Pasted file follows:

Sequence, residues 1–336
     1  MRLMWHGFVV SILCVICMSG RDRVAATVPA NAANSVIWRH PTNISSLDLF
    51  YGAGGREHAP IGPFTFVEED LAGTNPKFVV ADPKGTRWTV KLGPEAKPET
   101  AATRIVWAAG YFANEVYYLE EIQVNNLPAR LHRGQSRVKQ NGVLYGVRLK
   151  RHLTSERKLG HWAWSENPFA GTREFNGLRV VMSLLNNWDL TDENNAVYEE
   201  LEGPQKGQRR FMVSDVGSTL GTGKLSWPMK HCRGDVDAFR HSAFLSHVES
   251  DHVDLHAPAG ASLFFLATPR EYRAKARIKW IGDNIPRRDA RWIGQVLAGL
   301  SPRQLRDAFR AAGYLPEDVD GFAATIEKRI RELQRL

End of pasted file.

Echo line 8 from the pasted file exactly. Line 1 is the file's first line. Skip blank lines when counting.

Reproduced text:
   301  SPRQLRDAFR AAGYLPEDVD GFAATIEKRI RELQRL